Japan is beginning a shift to solar energy that lacks one ingredient: bank financing.
Protesters living near to a planned wind turbine site at the Honda plant in Swindon say they will continue their fight against the development.
On Wednesday the company said it was now proposing to build two turbines, rather than three, to power its plant, after concerns from local residents.
Opponents say the 394ft (120m) high turbines will be too large and noisy.
One of Greer’s key insights is his model of the economy based upon three tiers. The primary economy is the natural processes that provide goods and services to humans without the need for human labour. These goods include things such as fossil fuels and mineral ores whilst the services include pollination and the water cycle. The secondary economy is where humans become involved, namely through the transformation of the goods and services provided by the primary economy, that is nature, into the goods and services required by humans. The final tier is the tertiary economy, the purpose of which is to allow for the distribution of goods and services of the primary and secondary economies. Critical to an understanding of this model is that the different types of wealth that these three tiers produce are not interchangeable. In short, you can’t eat money and you can’t grow food without the natural wealth provided by the earth’s primary economy.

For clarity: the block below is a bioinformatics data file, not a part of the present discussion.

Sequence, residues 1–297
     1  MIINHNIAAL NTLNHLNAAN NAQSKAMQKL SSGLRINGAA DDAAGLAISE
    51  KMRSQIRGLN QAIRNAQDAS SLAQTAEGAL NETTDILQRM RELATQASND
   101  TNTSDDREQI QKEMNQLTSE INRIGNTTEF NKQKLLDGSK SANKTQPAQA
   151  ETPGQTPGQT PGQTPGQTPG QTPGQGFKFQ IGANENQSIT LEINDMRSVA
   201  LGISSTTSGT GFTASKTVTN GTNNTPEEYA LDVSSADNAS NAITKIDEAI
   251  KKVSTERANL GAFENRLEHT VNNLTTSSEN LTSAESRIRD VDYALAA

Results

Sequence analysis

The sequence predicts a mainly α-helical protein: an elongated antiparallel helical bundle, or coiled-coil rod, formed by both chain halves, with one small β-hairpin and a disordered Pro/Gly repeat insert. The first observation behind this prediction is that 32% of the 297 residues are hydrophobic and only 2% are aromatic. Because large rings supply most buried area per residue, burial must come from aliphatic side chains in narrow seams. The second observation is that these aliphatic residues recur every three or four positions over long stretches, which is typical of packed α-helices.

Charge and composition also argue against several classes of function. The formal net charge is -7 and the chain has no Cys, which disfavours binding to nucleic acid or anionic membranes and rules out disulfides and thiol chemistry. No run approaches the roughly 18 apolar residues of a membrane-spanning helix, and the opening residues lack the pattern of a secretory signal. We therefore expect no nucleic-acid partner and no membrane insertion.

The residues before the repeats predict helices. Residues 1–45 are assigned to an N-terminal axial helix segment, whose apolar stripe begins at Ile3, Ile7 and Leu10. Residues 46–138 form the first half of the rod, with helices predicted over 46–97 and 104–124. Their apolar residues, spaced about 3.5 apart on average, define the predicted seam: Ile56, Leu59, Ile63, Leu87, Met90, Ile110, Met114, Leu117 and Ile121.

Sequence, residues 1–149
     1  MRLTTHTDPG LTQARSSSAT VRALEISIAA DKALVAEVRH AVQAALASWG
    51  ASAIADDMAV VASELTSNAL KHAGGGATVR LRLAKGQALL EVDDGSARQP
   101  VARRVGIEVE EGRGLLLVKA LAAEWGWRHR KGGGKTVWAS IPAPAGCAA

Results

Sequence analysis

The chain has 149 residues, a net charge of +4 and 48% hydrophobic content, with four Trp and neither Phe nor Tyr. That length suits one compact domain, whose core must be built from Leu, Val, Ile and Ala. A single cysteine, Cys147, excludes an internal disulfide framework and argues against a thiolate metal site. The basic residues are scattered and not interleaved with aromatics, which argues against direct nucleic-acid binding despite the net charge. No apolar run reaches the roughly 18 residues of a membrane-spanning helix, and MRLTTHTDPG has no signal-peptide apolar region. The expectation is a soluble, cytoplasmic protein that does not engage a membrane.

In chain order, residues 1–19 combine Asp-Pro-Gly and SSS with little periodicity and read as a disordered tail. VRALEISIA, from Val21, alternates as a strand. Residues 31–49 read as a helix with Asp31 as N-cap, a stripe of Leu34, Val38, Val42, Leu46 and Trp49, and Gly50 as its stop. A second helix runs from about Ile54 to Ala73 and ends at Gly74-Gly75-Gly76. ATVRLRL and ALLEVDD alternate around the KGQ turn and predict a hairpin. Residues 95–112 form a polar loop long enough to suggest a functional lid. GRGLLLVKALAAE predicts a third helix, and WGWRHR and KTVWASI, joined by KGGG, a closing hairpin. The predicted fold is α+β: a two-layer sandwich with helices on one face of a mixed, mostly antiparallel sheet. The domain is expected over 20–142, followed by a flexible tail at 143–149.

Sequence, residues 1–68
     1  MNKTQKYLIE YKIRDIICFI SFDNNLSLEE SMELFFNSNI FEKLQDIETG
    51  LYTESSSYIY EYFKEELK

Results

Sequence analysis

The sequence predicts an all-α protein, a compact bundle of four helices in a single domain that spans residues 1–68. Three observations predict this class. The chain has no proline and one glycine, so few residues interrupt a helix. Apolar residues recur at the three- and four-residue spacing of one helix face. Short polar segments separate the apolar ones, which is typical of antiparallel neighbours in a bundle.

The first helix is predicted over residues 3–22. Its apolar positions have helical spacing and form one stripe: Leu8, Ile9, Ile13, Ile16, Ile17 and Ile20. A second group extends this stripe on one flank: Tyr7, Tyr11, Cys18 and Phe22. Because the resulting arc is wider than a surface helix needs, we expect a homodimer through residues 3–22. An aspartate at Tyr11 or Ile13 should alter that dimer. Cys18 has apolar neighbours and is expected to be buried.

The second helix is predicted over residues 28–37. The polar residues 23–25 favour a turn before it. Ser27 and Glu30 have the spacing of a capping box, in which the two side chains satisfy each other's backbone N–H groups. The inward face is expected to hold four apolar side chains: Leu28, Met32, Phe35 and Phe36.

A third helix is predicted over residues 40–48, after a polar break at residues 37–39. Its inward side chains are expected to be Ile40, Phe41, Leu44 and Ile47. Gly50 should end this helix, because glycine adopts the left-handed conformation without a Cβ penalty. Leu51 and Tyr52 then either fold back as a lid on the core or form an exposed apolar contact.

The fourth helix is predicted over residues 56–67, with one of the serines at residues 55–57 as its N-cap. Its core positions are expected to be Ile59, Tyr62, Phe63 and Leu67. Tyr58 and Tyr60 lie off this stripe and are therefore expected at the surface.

A convergence of global crises — inevitable fossil fuel depletion (aka “peak oil”), compounding effects of climate change, and unstable shrinking global economies — is likely to disrupt the global food supply in unexpectedly devastating ways.
A thorough analysis of these factors leads to an inescapable conclusion that the growing global food crisis will soon land in our own communities — yes, even in Boulder County.
“Through the roof” is how Adam Zak, an executive recruiter, describes the demand for workers with sustainability-related job skills.
“We estimate about a 40 percent increase over last year in the search assignments we are asked to conduct for these kinds of individuals,” said Mr. Zak, whose clients include companies like Coca-Cola, Andersen Windows and Del Monte.
The Government Accountability Office concludes that geoengineering schemes to slow global warming aren't feasible, but finds scientific support for more research.